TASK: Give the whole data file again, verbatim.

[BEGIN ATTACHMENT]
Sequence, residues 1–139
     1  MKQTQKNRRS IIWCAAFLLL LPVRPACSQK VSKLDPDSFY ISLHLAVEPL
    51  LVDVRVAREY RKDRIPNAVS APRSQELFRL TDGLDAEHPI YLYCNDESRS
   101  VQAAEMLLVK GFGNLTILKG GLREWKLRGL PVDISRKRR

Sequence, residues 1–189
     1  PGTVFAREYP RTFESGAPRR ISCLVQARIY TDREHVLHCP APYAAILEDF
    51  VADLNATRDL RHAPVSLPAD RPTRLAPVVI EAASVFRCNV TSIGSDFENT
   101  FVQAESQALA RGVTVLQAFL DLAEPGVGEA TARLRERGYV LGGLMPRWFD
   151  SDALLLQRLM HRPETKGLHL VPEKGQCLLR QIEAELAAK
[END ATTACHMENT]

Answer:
Sequence, residues 1–139
     1  MKQTQKNRRS IIWCAAFLLL LPVRPACSQK VSKLDPDSFY ISLHLAVEPL
    51  LVDVRVAREY RKDRIPNAVS APRSQELFRL TDGLDAEHPI YLYCNDESRS
   101  VQAAEMLLVK GFGNLTILKG GLREWKLRGL PVDISRKRR

Sequence, residues 1–189
     1  PGTVFAREYP RTFESGAPRR ISCLVQARIY TDREHVLHCP APYAAILEDF
    51  VADLNATRDL RHAPVSLPAD RPTRLAPVVI EAASVFRCNV TSIGSDFENT
   101  FVQAESQALA RGVTVLQAFL DLAEPGVGEA TARLRERGYV LGGLMPRWFD
   151  SDALLLQRLM HRPETKGLHL VPEKGQCLLR QIEAELAAK